A group of researchers led by Rebecca Fitzgerald of Cambridge University are currently moving towards the test phase of the device, which can detect cancer by breathing.
Like a device used to detect alcohol in the blood, the device tracks the chemicals known as "volatile organic compounds", which are produced by cellular metabolism.
Some diseases, including cancer, can change metabolism and in turn, change the pattern of volatile organic compounds. If they are detected, they can alert doctors to the possible presence of infected tumors.
A promising panorama
Fitzgerald explains, "This is a pilot study, so first to find out whether we are looking for a series of cancers, we can achieve a typical pattern from them and compare them."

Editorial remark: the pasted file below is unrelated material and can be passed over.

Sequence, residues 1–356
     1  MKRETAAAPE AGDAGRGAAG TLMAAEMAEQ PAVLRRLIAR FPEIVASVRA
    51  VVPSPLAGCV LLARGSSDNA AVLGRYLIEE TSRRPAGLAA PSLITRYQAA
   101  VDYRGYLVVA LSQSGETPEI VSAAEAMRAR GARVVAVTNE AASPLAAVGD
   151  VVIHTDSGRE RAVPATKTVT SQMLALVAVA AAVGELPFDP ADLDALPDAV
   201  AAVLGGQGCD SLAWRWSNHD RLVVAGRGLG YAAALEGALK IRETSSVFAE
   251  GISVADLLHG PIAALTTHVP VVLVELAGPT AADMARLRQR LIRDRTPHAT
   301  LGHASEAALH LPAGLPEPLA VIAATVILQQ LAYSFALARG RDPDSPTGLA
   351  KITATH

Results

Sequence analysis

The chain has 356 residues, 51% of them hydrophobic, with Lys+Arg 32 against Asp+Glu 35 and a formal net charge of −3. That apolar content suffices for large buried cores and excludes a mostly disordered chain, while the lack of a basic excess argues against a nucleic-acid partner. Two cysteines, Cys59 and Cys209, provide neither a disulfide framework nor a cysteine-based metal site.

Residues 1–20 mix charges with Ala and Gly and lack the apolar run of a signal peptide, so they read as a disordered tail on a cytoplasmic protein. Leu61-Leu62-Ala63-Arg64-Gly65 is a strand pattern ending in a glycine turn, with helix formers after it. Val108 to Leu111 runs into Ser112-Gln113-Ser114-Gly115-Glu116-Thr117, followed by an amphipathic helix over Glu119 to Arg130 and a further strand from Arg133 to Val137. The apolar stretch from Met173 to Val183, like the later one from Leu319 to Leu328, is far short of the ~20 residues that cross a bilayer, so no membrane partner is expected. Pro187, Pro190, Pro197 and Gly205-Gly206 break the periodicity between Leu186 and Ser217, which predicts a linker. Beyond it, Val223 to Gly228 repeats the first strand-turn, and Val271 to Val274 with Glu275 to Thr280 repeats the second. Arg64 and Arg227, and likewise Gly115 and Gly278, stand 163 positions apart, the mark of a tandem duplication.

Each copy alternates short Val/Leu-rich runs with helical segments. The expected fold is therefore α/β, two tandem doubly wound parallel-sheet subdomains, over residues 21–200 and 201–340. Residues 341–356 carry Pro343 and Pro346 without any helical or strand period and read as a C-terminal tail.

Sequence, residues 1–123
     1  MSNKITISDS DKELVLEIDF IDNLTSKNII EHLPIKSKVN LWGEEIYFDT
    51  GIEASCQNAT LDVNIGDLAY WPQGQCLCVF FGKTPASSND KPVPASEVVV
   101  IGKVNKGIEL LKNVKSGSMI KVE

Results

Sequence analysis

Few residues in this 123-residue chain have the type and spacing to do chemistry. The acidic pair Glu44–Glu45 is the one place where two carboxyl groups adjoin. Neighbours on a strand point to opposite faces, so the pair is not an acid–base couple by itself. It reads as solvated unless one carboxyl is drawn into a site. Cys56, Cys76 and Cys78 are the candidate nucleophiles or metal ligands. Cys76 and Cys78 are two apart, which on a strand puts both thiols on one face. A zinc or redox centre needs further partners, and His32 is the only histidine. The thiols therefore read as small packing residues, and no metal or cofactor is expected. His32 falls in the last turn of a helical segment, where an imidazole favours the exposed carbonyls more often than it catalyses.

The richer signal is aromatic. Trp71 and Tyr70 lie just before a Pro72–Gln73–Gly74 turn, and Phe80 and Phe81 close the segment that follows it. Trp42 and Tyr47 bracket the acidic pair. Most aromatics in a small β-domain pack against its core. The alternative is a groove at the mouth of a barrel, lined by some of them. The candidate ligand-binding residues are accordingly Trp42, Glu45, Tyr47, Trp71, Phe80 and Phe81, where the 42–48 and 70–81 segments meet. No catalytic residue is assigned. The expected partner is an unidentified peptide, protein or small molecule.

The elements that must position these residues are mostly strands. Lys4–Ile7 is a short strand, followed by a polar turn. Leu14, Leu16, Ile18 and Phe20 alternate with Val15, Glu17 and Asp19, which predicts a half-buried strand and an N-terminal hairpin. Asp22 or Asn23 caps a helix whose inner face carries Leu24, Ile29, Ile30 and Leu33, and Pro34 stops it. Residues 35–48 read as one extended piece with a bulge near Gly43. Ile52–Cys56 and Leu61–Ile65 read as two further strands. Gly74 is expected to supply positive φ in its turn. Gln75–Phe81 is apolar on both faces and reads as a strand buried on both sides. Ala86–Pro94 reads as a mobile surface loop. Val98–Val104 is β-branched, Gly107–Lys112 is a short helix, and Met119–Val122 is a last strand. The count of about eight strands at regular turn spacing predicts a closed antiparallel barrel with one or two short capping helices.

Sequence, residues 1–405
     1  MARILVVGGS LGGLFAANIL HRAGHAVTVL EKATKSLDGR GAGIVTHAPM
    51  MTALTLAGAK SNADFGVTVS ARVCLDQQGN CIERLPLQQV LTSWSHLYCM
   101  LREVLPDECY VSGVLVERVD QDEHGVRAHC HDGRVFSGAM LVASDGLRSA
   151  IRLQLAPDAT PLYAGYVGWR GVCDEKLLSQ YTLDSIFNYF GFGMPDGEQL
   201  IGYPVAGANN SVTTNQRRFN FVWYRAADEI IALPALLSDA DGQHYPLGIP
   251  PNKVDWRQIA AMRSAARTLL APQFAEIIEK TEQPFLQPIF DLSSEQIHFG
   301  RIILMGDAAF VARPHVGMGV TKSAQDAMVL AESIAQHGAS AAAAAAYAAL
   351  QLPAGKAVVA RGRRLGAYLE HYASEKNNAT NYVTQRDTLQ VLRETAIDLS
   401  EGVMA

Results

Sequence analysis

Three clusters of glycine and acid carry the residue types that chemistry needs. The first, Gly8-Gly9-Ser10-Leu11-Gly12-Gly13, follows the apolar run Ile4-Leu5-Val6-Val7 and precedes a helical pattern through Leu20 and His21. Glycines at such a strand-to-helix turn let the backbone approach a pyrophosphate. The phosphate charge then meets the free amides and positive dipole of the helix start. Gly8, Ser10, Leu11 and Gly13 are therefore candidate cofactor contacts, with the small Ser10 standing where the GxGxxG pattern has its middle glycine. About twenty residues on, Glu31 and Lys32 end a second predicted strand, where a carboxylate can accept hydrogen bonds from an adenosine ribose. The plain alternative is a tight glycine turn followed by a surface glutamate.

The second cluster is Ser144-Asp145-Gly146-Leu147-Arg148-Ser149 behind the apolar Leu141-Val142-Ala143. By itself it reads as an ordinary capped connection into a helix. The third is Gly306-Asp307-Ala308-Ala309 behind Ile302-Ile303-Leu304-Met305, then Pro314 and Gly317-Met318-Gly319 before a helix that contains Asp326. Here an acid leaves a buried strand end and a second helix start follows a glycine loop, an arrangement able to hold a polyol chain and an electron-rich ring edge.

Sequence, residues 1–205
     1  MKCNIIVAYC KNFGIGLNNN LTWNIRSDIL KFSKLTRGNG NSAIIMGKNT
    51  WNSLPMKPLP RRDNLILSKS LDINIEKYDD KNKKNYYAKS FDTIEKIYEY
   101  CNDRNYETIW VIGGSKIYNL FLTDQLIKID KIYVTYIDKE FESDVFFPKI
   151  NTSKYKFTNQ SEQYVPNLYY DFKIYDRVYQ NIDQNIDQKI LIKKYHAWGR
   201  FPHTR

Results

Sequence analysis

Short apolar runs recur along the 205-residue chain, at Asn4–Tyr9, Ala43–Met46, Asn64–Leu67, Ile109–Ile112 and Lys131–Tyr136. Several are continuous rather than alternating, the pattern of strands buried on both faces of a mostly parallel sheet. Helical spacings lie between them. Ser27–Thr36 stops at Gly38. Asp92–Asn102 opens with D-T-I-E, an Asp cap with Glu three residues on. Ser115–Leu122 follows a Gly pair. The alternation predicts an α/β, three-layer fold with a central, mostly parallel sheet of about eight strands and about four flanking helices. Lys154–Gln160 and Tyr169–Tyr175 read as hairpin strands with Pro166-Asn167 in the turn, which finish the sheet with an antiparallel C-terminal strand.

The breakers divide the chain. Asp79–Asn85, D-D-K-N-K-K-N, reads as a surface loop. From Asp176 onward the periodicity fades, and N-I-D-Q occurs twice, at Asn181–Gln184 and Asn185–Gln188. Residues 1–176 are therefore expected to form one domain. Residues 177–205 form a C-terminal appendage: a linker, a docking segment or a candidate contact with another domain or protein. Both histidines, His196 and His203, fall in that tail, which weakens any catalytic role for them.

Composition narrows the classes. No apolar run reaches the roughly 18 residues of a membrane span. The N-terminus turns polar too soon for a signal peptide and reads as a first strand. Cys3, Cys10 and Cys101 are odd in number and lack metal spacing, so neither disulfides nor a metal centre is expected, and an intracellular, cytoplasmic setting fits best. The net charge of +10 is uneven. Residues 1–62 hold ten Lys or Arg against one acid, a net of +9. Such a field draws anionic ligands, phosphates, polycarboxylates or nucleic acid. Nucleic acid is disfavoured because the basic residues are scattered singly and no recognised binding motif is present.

Thus, by 2021, the team of researchers has planned to analyze the breath of 1,500 people, both of which are both healthy and susceptible to esophagus, stomach, prostate, liver, kidney, bladder or pancreas cancers.
Fitzgerald said that "we do not want to re-examine patients with cancer." In that sense, the study was recruited by people who have gone to a doctor to present the symptoms of potential cancer or that, due to medical conditions, is at risk of developing.
"Lung cancer seems easy to detect by breathing, for obvious reasons, but many other unstable molecules may occur from other parts of the body, as metabolites are recycled in the body." He added.
Thus, it is expected that the experiment can help to establish the pattern of breathing, which can be used to determine whether the malignant tumors of the body are used. And even if the results are more favorable, different patterns that point to different types of cancers can be determined.